AP Headline: 'Teen Sex Not Always Bad For School Performance'
Here's a headline destined to ruin many a parent's Sunday:
Teen Sex Not Always Bad For School Performance
As if that wasn't enough, the Associated Press actually framed this as good news:
There's good news for parents who worry that their teenagers' sex lives are affecting their school performance: A provocative new study has found that teens in committed relationships do no better or worse in school than those who don't have sex.
After that cheery opening paragraph, things got a bit dicey, for the results of this University of California, Davis, study had little in common with the headline and lede:
The same isn't true for teens who "hook up." Researchers found that those who have casual flings get lower grades and have more school-related problems compared with those who abstain.
The findings, presented Sunday at a meeting of the American Sociological Association in Atlanta, challenge to some extent assumptions that sexually active teens tend to do poorer in school.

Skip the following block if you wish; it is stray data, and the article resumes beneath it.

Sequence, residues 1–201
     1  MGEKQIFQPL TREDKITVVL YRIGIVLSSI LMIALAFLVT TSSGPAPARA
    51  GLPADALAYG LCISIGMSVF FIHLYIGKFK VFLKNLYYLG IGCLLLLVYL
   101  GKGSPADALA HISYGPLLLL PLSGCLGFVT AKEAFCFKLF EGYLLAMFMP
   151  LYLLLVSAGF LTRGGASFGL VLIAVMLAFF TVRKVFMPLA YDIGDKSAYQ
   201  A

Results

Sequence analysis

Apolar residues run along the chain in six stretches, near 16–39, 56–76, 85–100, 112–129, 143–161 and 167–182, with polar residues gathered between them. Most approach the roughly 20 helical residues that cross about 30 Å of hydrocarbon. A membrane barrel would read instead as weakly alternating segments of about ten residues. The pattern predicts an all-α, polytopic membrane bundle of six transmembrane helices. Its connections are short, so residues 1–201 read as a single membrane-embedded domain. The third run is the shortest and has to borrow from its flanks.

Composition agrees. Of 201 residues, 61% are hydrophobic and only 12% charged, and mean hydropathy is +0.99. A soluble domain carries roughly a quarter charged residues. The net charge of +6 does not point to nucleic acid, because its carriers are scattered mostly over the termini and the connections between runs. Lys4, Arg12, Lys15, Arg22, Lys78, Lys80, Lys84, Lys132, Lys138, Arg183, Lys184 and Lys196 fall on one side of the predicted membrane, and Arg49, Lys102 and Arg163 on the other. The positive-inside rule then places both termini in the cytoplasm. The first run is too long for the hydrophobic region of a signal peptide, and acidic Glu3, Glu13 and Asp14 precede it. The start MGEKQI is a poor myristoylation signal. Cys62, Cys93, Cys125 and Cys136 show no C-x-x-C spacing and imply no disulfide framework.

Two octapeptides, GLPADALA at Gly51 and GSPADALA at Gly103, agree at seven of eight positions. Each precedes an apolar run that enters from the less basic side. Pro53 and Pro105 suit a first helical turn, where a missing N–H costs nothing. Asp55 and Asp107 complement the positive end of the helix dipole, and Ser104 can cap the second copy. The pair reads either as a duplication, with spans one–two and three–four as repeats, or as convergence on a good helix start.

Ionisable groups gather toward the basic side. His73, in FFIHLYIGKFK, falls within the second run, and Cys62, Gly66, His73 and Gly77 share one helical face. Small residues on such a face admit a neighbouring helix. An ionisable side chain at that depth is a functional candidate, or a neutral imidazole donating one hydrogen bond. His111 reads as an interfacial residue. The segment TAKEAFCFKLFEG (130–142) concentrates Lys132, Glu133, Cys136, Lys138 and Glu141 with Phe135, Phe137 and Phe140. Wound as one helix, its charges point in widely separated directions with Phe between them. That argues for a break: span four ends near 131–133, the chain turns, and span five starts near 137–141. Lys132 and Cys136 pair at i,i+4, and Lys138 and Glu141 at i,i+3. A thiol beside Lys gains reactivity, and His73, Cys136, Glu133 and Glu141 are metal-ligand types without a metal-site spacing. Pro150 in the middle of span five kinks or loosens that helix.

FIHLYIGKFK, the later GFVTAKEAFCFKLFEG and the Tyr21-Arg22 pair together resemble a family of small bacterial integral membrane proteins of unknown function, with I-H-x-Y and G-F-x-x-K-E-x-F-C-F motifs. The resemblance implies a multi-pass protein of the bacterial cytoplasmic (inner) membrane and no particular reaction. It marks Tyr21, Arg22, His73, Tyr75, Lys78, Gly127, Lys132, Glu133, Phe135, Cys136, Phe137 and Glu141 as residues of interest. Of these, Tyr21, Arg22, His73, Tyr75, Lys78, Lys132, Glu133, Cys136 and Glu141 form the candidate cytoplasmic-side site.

It's not so much whether a teen has sex that determines academic success, the researchers say, but the type of sexual relationship they're engaged in. Teens in serious relationships may find social and emotional support in their sex partners, reducing their anxiety and stress levels in life and in school.
"This should give some comfort to parents who may be concerned that their teenage son or daughter is dating," said sociologist Peggy Giordano of Bowling Green State University, who had no role in the research. Teen sex is "not going to derail their educational trajectories," she said.
Feeling comfortable parents?
Well, don't be, because the actual results of this study were not what the AP led on:
Compared with virgins, teens who have casual sex had lower GPAs, cared less about school and experienced more problems in school. For example, female teens who have flings had GPAs that were 0.16 points lower than abstinent teens. Male teens who have casual sex had GPAs that were 0.30 points lower than those who do not have sex. Teens who hook up also were at greater risk of being suspended or expelled and had lower odds of expecting to go to college.
Add it all up, and it seems this study makes a strong case for teenage abstinence - but you certainly wouldn't know that from the headline and opening paragraph, would you?
Teens who have sex - whether it's a serious or casual relationship - were at higher risk of being truant and dropping out compared with teens who don't have sex.